Starcat 1 by my favourite artist

Sunday, 7 April 2013

One for Prospective Bikers

At last, it seems that winter has finished. Here in Andalusia it is never really Spring until the dread day when the students in your class, be they High School or University students, become totally unmanageable and the class is given over to youtube videos, games or simply telling them silly stories. Obviously such external factors in no way affect we professionals who labour under the onerous task of teaching them!

I of course do not indulge in such silliness. The fact that I have fun classes - if my students want them or not - does not mean that in the back of my mind professional foresight is not at work. Perish the thought that I too am affected by such sap-rising factors as the weather and temperature!

April, as my uncle TS would say, is definitely the cruellest month. Seville's April Fair falls, naturally enough, in April - except next year when it is in May and gives me a huge holiday two weeks after Easter. But I digress. There is a saying in Spanish - No te quites el sayo hasta el 40 de mayo which in English is: cast not a clout till May is out. This is also true of motorcycle clouts. 

I have been happily casting clouts for the past few weeks, but now it is the turn of my biking clouts to be washed and prepped in preparation for the motorbiking season. Such preparations are not however the only ones needed. My [t]rusty old steed needs a thorough overhaul after the recent winter rains that filled the petrol tank with water - and yet still it fired up!!!  

Luckily, after the donkey-work of removing and cleaning the easy bits, my son, a fully-qualified mechanic of high-performance bikes, will do the rest and resuscitate my zombie-bike in time for my April excursions far and wide as I escape, briefly, the purgatory that is Seville for more pleasant places and, dare I say it, less obnoxious people.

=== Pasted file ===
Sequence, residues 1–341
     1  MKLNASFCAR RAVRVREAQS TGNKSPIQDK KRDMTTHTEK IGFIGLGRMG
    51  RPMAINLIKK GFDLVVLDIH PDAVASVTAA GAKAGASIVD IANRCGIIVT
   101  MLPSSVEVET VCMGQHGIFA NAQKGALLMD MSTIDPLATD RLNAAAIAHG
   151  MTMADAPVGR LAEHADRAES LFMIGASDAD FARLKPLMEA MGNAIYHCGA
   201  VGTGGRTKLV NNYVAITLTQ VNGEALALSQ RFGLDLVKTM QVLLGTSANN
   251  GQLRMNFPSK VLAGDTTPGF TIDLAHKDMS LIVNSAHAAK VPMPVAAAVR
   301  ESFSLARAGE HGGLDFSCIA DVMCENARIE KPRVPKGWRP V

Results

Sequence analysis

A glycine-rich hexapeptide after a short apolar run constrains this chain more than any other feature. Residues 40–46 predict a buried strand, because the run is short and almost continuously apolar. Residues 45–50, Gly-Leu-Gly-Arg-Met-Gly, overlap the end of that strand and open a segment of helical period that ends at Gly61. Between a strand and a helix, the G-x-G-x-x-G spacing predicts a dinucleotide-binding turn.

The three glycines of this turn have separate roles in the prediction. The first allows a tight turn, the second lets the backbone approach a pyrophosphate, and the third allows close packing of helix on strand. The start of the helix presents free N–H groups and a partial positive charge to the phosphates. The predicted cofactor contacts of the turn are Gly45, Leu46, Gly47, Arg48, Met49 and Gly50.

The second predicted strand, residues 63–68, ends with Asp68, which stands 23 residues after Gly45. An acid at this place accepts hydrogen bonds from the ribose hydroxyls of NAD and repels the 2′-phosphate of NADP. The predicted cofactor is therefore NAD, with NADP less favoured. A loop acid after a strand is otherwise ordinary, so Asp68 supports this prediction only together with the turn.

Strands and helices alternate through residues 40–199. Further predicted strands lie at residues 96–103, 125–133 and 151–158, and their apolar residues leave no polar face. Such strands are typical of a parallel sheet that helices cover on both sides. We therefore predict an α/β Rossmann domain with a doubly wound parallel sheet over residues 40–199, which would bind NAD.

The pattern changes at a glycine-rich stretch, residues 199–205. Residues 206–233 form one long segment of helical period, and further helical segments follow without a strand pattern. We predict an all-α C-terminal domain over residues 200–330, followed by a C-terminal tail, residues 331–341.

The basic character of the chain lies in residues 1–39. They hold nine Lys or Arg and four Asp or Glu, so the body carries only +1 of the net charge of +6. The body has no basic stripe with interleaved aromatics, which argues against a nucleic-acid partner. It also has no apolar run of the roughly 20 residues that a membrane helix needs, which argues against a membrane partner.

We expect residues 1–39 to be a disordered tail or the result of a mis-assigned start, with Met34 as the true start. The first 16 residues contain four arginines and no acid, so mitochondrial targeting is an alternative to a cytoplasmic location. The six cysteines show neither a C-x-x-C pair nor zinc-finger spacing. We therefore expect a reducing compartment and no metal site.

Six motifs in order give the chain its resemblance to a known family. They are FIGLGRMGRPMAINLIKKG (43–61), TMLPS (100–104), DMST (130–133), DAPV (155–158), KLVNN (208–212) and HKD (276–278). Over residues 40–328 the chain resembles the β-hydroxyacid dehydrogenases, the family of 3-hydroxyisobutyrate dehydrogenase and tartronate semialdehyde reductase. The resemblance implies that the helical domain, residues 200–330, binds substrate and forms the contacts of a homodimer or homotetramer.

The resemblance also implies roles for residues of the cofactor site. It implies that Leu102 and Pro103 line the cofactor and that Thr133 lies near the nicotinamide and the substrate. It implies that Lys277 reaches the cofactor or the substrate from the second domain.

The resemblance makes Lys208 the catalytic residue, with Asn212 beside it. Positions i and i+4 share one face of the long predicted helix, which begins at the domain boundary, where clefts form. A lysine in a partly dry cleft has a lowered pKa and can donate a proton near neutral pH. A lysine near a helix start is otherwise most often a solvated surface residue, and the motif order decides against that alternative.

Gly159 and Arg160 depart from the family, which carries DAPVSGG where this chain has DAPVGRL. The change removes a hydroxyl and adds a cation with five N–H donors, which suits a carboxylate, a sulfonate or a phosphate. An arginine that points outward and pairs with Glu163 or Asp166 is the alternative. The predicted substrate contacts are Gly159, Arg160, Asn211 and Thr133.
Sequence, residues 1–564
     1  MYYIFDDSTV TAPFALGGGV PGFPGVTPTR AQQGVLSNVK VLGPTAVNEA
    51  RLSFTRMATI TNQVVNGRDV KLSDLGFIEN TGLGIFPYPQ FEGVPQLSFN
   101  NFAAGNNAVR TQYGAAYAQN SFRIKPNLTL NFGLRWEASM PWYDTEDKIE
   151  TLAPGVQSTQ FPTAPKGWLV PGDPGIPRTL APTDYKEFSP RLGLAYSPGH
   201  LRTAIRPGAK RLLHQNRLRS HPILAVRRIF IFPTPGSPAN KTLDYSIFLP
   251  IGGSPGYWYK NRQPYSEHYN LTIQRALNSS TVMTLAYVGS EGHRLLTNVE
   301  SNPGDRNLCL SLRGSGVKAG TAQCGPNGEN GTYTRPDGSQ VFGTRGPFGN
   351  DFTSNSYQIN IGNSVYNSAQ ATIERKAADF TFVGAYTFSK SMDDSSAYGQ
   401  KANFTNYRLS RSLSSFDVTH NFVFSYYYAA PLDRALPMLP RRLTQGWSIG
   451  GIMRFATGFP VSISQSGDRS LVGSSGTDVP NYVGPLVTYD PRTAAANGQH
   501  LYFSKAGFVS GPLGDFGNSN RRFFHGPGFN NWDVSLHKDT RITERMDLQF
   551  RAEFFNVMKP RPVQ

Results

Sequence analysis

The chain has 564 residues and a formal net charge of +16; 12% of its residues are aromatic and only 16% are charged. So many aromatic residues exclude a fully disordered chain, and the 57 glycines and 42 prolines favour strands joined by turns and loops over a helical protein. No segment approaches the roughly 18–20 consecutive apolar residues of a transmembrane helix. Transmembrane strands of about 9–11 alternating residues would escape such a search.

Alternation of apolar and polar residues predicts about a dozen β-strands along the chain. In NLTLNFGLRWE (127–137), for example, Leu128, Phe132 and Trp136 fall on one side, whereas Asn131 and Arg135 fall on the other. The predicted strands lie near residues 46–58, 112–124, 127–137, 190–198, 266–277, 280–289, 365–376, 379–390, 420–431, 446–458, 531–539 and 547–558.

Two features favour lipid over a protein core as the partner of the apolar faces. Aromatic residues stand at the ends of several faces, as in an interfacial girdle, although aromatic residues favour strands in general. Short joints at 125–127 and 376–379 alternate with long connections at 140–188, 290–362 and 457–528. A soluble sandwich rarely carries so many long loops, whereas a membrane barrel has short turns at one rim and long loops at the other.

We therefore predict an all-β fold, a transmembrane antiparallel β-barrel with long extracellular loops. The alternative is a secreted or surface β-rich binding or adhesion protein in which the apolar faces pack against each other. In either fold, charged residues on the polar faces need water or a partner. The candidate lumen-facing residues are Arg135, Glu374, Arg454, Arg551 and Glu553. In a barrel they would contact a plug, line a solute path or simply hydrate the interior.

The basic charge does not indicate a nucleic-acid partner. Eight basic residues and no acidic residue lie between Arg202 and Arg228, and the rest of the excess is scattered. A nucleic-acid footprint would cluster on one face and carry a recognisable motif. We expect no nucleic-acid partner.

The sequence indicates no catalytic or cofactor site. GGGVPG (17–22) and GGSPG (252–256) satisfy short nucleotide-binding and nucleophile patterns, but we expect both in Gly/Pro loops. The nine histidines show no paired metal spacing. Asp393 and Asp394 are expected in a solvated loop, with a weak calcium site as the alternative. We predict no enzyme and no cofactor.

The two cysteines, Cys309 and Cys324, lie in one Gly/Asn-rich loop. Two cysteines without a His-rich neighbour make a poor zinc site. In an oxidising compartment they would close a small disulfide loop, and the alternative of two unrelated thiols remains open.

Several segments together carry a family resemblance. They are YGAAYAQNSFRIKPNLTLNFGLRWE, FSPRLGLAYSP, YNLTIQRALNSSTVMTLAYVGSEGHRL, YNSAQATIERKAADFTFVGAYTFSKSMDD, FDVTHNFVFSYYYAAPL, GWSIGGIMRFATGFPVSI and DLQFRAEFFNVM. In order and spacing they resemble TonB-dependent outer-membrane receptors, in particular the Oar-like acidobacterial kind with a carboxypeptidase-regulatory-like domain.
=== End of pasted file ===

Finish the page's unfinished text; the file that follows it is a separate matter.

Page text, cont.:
2 comments:

  1. My father, who was a motor mechanic by profession, always had motorbikes, never a car. He died when I was very young, so I never knew him, but my mother told me tales of their outings - and accidents - and his enthusiasm for speed.

    Perhaps I would have following in his footsteps, or rather, tyre tracks, but my mother was adamant in not allowing me to have a bike of my own, even when a secondhand bargain turned up at the garage where I worked during the vacations. It was hard enough getting her to allow me a push bike.

    I was therefore never to know the thrills of motorcycling though I often fantasized about getting my own bike and going travelling like a knight errant looking for adventure.

    Today's roads are too congested for motoring in any form to be enjoyable as I remember that it used to be. Perhaps, though, there are still places where the motorcyclist, alone or with others, can surf the tarmac and perhaps explore the lanes and back roads to enjoy the quieter places and, here and there perhaps, the thrill of speed.

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  2. My parents too had a bike, well a scooter, an NSU Prima or Lambretta built by NSU under licence. Apparently, I spent my first post-conception hours outside Tewksbury on the way to Gloucester. My first bike? A Lambretta!

    Here in Andalusia, there are many B-roads that swarm with bikes in Spring with the attendant accidents and fatalities. When I sally forth I tend to do so alone or with my pillion. Group outings tend to turn into pissing contests - who can take that corner the fastest; mini-races between bends etc. On my journeys over the last few years I have seen at least 3 fatalities.

    Unfortunately we humans tend to forget that we are mortal and very fragile - especially when we have a rush of adrenaline pumping through us and I am as guilty as the rest. Indeed, as Aldous Huxley remarked "Speed is the only truly modern sensation".

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